TREASURIES-Bonds little changed amid U.S. budget stalemate
* Corporate debt supply mitigates "fiscal cliff" jitters
* Fed to buy $1.50 bln to $2.25 bln in long-dated Treasuries
* Ten-year note yield finds support with 100-day MA
NEW YORK, Dec 4 (Reuters) - U.S. government debt prices were little changed on Tuesday as most investors kept to the sidelines in the absence of progress on the budget negotiation in Washington, that is seen as critical to avert a fiscal crisis and a U.S. recession. Competition from corporate bond supply and some early preparation for next week's federal debt sales mitigated concerns about the federal budget talks, analysts said. "When things are drifting like this, we see some money gravitating to investment-grade corporate bonds," said Jim Vogel, interest rate strategist with FTN Financial in Memphis, Tennessee. Analysts expected companies to sell $25 billion in debt this week, according to IFR, a unit of Thomson Reuters. Benchmark 10-year Treasury notes were up 1/32 in early trading with their yields at 1.616 percent. The 10-year yield has found chart support at its 100-day moving average at 1.65 percent, according to Reuters data. U.S. Treasuries prices have moved in a tight range since the U.S. presidential election nearly a month ago on the likelihood of a contentious process between President Barack Obama and Congressional Republican lawmakers to avoid the "fiscal cliff." The absence of a budget deal before year-end would cause a fiscal contraction as a series of automatic tax increases and spending cuts worth $600 billion are implemented, economists say. On Monday, the White House dismissed a "fiscal cliff" proposal from congressional Republicans that included tax reforms and spending cuts, saying it did not meet President Barack Obama's pledge to raise taxes on the rich.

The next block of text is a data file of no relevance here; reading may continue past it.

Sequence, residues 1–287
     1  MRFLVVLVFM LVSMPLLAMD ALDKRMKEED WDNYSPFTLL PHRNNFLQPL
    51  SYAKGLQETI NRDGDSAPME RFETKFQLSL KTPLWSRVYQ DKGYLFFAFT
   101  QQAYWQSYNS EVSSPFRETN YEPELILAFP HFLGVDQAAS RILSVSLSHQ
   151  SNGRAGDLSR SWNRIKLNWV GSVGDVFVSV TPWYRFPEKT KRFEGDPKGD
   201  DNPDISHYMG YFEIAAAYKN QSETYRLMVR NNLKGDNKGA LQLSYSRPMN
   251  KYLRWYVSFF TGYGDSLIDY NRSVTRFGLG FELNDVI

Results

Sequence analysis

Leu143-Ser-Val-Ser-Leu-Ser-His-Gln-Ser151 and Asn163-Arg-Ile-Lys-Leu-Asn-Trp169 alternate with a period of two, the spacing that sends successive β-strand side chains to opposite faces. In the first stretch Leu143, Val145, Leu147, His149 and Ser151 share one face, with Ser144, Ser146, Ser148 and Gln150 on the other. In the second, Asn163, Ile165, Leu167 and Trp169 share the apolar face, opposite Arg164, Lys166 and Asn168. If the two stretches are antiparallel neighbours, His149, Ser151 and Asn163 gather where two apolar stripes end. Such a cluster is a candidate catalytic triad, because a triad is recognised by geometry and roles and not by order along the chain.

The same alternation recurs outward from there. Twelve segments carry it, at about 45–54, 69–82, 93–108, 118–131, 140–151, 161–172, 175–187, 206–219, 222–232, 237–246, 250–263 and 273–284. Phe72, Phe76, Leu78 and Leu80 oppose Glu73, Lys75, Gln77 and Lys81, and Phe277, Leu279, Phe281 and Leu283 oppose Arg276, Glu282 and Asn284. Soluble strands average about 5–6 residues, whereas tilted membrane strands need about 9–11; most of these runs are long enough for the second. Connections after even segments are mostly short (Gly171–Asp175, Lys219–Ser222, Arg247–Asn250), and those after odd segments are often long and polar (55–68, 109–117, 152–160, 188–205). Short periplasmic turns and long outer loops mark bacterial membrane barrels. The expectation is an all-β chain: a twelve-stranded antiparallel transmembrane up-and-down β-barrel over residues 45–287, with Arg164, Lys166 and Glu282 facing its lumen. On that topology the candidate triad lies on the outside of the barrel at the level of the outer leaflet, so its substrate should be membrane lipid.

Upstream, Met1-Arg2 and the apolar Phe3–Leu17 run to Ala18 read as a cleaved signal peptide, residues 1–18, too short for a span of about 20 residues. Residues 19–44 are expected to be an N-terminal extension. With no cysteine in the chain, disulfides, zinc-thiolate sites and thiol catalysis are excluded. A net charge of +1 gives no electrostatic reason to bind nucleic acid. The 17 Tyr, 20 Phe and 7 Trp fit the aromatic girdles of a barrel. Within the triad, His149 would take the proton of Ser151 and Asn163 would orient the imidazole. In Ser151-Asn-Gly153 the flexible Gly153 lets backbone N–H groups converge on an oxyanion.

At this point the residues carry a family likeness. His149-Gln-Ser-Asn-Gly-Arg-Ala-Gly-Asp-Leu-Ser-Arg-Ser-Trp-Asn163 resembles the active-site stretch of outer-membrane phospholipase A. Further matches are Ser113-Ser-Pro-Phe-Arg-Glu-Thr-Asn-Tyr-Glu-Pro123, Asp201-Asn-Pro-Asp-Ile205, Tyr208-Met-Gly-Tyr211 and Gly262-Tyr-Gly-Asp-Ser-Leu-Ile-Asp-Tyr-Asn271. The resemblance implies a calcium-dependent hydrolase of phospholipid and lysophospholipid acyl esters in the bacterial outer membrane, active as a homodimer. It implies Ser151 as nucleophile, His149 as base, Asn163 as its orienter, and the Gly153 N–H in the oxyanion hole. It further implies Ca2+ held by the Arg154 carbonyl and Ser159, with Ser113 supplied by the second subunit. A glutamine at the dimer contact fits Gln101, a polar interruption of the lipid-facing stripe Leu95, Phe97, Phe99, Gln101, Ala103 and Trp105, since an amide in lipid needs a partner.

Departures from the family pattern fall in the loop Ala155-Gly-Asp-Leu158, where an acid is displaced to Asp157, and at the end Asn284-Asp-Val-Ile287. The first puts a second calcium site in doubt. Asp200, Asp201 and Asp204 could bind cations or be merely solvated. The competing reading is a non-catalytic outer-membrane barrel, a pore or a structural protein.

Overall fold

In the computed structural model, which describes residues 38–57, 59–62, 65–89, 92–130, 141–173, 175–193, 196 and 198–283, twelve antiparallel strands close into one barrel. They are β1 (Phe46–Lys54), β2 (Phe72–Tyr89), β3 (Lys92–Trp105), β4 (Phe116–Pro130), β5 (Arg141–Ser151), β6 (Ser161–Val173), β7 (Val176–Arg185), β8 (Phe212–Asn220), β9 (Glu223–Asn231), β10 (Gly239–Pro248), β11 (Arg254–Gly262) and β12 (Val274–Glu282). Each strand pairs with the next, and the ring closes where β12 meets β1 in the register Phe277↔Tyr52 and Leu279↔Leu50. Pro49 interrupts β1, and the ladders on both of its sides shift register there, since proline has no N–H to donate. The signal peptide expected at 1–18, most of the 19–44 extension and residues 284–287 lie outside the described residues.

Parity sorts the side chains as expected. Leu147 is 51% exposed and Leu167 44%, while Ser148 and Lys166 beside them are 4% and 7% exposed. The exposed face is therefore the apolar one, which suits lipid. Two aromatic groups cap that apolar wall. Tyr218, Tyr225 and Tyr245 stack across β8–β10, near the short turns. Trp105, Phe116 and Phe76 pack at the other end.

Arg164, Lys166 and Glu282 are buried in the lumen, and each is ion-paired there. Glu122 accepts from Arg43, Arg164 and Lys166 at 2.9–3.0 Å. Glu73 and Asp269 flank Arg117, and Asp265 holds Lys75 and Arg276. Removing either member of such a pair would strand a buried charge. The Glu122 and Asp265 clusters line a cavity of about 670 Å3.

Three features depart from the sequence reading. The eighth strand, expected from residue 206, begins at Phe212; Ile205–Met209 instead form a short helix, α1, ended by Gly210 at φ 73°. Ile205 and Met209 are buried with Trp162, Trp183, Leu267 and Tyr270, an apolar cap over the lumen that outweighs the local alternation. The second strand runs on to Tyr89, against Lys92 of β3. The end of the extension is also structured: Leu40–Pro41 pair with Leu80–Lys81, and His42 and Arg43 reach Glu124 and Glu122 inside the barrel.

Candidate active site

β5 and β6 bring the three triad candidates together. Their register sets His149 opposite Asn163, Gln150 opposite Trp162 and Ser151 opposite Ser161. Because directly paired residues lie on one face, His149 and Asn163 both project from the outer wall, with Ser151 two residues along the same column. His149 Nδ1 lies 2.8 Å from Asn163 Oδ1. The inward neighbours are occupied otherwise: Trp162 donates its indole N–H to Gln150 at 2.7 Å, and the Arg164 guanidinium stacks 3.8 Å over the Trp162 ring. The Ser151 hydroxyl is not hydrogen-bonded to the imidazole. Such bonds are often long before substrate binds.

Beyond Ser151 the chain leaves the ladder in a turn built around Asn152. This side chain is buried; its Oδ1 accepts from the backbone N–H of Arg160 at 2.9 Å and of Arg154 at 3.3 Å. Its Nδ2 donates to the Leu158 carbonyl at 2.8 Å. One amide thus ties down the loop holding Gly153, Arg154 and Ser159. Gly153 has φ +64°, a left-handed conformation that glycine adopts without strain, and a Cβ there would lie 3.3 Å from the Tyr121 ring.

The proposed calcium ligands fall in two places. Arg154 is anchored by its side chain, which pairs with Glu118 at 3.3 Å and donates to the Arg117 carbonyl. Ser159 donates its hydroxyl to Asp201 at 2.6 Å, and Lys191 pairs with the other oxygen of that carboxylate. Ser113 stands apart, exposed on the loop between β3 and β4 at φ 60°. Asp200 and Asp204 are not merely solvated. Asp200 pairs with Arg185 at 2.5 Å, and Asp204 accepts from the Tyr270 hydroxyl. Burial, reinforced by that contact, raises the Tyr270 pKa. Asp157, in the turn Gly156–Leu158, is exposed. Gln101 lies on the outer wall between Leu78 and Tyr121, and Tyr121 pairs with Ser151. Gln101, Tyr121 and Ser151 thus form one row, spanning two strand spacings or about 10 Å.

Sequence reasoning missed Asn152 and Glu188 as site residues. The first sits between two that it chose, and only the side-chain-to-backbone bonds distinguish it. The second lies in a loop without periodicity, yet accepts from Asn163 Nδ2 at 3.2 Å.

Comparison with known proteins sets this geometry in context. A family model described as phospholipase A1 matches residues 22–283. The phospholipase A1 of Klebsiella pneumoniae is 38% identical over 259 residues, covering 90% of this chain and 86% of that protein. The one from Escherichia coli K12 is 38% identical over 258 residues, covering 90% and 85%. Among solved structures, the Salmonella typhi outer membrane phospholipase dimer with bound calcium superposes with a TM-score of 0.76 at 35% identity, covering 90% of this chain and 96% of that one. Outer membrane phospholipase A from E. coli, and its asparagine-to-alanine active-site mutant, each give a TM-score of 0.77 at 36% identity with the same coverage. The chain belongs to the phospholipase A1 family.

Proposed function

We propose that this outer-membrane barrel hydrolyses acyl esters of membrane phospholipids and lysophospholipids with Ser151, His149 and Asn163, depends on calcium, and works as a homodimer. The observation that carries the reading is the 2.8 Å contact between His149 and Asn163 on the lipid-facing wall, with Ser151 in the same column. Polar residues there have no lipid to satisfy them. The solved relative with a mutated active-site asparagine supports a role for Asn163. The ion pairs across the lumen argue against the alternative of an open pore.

Risk of a recession from failed budget talks will likely cause the Federal Reserve to cling to an ultra-loose monetary policy in an attempt to support an already wobbly economy. Fed policy-makers will meet next Tuesday and Wednesday, where they are widely expected to decide whether they will pursue further bond purchases. The Fed has been buying a combined $85 billion in Treasuries and mortgage-backed securities a month. Its Treasuries purchases have been linked to "Operation Twist" that will expire at the end of December. As of a part of "Operation Twist," the Fed will buy $1.50 billion to $2.25 billion in Treasuries that mature in Feb 2036 to Nov 2042 at 11 a.m. (1600 GMT).